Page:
Traumatic brain injury (TBI) and its associated neural and cognitive sequelae are of increasing interest in military populations. Blast-related TBI is becoming more commonplace in military Service Members and Veterans since Operation Iraqi Freedom/Operation Enduring Freedom/Operation New Dawn and their following conflicts. It is currently unclear whether blast-related injuries cause unique neural and cognitive deficits. The present investigation, in Study 1, aims to investigate the differences in blast-related and non-blast related TBI using traditional statistical techniques. In Study 2, this study will demonstrate the use of Qualitative Comparative Analysis (QCA) in diffusion tensor imaging data. QCA is a relatively new technique that examines configurations of variables that lead to a predefined outcome. QCA has the ability to uncover configurations of variables not yet considered in empirical literature, which may contribute new perspectives on the many different variables often associated with brain injury. Study 1 demonstrated no significant differences between uninjured and injured subjects in white matter integrity, and no differences between blast-related and non-blast related mechanisms. Study 2 demonstrated limited support for the use of QCA in diffusion tensor imaging. Evidence for the use of this method in other neuroimaging modalities is reviewed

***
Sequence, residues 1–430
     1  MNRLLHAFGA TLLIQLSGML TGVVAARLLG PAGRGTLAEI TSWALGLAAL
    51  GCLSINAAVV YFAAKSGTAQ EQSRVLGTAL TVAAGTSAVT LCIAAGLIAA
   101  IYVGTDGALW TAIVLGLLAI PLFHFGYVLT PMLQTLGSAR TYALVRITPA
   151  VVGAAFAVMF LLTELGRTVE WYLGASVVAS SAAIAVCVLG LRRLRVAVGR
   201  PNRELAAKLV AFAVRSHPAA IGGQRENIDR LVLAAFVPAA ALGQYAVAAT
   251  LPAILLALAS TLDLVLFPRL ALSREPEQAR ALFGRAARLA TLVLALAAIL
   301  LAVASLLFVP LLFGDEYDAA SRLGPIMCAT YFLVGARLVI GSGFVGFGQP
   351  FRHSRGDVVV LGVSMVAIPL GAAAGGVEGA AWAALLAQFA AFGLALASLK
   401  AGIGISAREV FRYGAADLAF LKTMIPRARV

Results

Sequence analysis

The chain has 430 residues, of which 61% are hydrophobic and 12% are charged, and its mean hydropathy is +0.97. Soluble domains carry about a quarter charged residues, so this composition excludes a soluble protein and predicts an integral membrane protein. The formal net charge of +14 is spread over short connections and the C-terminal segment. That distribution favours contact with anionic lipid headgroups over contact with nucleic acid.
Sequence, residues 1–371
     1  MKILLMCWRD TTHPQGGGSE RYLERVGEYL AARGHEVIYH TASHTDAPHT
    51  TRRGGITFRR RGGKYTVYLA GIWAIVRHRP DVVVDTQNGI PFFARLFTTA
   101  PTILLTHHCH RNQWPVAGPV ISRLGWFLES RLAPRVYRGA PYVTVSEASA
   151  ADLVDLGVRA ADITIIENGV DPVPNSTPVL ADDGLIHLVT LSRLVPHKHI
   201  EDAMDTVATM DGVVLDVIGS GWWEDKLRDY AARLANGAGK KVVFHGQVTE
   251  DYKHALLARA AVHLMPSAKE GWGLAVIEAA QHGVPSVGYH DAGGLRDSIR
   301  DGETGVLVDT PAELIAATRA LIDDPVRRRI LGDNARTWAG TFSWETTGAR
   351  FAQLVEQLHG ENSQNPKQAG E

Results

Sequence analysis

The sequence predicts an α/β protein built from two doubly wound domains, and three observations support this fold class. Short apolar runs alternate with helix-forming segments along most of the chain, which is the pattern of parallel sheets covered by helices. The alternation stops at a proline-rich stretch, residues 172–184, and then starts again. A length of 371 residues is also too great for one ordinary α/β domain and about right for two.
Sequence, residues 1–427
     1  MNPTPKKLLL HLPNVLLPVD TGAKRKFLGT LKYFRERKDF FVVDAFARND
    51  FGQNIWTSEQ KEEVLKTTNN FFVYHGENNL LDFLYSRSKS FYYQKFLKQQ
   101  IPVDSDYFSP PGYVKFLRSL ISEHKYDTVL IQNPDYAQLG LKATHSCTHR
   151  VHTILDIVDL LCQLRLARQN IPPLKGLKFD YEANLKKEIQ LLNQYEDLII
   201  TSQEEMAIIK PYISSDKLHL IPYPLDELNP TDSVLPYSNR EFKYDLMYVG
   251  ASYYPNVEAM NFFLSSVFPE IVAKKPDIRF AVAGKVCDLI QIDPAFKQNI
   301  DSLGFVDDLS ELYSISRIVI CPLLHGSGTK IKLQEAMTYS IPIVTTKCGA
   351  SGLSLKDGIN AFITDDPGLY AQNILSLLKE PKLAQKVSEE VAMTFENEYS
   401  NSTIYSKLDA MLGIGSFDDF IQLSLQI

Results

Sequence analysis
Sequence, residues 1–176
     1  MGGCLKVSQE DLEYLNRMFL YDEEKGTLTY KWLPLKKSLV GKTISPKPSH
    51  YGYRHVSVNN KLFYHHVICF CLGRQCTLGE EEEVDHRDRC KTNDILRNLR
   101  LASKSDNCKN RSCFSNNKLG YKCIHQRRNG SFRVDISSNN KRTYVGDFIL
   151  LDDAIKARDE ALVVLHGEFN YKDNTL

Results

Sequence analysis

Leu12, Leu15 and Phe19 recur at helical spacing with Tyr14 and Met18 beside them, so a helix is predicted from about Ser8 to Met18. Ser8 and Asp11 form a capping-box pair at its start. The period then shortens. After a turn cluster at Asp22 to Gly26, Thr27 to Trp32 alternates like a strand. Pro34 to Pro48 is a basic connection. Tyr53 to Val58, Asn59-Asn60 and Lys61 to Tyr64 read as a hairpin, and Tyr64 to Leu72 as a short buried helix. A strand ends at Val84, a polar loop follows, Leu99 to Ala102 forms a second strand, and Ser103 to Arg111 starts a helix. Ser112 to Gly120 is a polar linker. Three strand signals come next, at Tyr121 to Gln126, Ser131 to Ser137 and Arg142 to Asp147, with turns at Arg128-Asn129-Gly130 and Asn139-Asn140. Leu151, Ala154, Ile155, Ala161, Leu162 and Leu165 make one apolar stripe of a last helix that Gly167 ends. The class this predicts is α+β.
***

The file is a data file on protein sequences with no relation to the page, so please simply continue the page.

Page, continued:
College and Department
Family, Home, and Social Sciences; Psychology
BYU ScholarsArchive Citation
Hodges, Cooper Benton, "Heterogenity in Brain Injury: An Investigation of the Efficacy of Qualitative Comparative Analysis in Diffusion Tensor Imaging" (2020). Theses and Dissertations. 8664.
Traumatic brain injury, military, blast-related TBI, Qualitative Comparative Analysis